Mailbag: McAfee, Ballard, and Stealing Signals


Hello, Colts fans. It’s been an interesting last few weeks for the team. We’ve had Chuck Pagano at a hastily arranged, weird press conference the day after the season that ended with Pagano getting aggravated and a certain reporter becoming one of my all-time favorites as a result. We’ve had – depending upon if you want to believe it  – Jim Irsay going strangely quiet for what seemed like months while also apparently attempting to lure Peyton Manning (yay!) and Jon Gruden (nay!) into the organization. We’ve had Ryan Grigson shown the door (Thank God) in favor of Chris Ballard, and D’Qwell Jackson shown a pink slip (Thank God). A lot more has happened than what many of us would’ve predicted when the team’s season ended.

For some reason, though, several of you wanted to talk about some punter instead.

Let’s do it…

Q: I’m still feeling depressed by McAfee’s retirement. Any tips for beating these blues? – Amy Louise via Facebook

Everyone handles these things differently, but whenever I’m down music is usually my go to fix. I’ll fire up the iTunes and look around my library until something jumps out at me. It usually doesn’t take long before I’m good again. If this method doesn’t work, we can always hold one of those vigils at Pat’s house like they did outside momma’s hospital room in “The Waterboy.” Maybe that will convince him to keep playing.

Q: Special teams have been special with Pat McAfee. Who is out there to replace his impeccable punts? – Steve via Twitter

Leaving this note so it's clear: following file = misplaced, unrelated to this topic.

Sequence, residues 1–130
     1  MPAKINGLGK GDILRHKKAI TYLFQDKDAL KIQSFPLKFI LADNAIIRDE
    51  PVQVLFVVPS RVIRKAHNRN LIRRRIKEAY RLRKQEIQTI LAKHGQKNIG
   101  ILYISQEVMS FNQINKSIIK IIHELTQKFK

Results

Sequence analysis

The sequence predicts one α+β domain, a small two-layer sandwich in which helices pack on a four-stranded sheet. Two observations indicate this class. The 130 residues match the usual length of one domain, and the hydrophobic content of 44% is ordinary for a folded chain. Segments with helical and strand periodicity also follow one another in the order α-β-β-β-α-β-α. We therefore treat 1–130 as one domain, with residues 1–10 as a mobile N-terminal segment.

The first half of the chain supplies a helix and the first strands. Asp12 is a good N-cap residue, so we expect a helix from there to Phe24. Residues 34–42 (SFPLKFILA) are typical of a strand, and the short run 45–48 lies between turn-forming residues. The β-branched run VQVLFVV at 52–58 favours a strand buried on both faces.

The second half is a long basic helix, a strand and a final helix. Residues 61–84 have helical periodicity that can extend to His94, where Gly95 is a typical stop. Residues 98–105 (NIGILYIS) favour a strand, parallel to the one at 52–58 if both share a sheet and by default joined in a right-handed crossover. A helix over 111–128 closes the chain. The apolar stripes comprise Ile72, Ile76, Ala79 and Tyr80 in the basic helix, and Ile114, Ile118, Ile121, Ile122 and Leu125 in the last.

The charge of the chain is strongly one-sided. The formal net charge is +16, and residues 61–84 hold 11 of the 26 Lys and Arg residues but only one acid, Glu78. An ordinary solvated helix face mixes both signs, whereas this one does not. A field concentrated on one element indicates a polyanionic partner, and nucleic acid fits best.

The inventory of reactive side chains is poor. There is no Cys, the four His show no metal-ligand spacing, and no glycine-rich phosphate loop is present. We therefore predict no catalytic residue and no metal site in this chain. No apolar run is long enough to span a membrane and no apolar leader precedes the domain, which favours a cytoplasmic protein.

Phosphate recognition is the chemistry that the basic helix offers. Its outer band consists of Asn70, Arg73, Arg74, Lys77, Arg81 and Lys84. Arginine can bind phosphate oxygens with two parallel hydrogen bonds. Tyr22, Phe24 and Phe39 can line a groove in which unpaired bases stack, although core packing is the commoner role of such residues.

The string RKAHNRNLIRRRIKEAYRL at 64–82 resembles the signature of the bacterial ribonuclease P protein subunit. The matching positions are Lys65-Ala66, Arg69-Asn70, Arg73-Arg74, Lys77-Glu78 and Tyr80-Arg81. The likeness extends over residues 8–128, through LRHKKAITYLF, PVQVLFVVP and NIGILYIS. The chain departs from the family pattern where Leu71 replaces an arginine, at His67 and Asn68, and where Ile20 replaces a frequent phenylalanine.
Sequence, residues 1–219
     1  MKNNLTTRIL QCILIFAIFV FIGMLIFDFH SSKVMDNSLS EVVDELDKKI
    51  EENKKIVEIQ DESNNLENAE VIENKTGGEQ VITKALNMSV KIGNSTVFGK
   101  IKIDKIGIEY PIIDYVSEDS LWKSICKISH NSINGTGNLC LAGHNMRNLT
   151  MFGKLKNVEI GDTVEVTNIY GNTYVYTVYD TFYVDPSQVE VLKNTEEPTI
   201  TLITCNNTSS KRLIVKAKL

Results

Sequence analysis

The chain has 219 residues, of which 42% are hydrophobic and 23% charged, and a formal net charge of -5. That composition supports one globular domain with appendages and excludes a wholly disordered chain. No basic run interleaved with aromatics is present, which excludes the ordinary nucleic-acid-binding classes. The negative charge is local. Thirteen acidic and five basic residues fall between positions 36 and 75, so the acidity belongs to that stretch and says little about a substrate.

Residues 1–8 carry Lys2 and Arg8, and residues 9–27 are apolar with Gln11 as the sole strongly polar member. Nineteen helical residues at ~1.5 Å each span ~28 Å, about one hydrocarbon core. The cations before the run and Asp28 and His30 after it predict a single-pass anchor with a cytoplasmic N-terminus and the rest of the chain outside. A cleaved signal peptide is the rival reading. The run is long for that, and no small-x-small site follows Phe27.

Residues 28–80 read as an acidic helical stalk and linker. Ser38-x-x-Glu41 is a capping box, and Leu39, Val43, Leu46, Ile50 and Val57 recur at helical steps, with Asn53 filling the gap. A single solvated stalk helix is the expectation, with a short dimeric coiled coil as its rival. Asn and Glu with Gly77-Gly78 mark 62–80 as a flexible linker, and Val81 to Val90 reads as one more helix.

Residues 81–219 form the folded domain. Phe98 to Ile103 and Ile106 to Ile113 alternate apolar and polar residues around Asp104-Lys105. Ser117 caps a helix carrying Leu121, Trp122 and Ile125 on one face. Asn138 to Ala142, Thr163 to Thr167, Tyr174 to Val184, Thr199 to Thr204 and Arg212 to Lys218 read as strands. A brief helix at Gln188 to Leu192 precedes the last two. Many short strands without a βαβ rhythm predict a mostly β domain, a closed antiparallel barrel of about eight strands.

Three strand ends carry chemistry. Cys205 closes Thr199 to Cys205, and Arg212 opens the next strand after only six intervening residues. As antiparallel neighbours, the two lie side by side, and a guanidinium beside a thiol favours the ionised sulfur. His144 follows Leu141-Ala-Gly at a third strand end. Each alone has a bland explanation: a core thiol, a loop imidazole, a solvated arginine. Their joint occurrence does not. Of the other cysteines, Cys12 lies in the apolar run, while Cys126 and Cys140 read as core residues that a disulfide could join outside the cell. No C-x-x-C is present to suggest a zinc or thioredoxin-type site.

Q: FA or draft to replace the Boomstick? – Kimberly via Facebook

Q: Is there a good kicker out there to replace him (McAfee)? – Marta via Facebook

I hate that these questions are so similar. It’s certainly not the fault of those who take the time to respond to our requests for questions. I just like to give everyone their own piece of the spotlight (?), and similar questions make me feel like I’m not.

I’d forgotten all about it until McAfee’s surprise retirement, but get this: His replacement may already be on the roster. His name is Devon Bell, and the team quietly signed him on January 6th. I’ll steal from his official team bio to share a few things. Bell played his college ball for Mississippi State, where he handled all aspects of the kicking game – field goals, punts, kickoffs – at various times. He’s 6’2″ and about 200 pounds. He went undrafted, but was signed by the Lions in June of 2016. He stayed with the Lions throughout the preseason before getting cut on August 29th. From what I can tell, Bell attempted no kicks of any kind for the Lions, which means he was in camp to take practice reps in order to keep the legs of kicker Matt Prater and punter Sam Martin fresh. No doubt the Colts signed him for this same purpose, but with McAfee now gone Bell may get a legitimate shot to replace him.

If you’re interested in watching, I found this:

I can’t believe I just posted a video of a punter/kickoff specialist.

No matter what, there’s little doubt Bell will have plenty of competition. With all of the holes to fill on the roster I’d be surprised if the team spends a draft choice on a kicker, though it’s possible they could spend a very late round pick on one. There will be plenty of undrafted guys available, plus some veteran free agents as well. We’ll see.

I’m always amused when I see various experts say things like “kickers aren’t players.” This type of thinking is absurd. No, these guys aren’t out there taking a beating like every down players are – which they will freely admit – but to say they don’t matter is just insane. Think of the Colts’ defenses the last couple of years. 2016’s was statistically the worst in team history (Baltimore or Indy). Now imagine if they didn’t have a punter who got good hang time and could pin a team deep. Then imagine if they didn’t have a kickoff specialist who could consistently get touchbacks. Yikes. Pat McAfee was not just a player, he was a weapon. He leaves behind some big cleats to fill.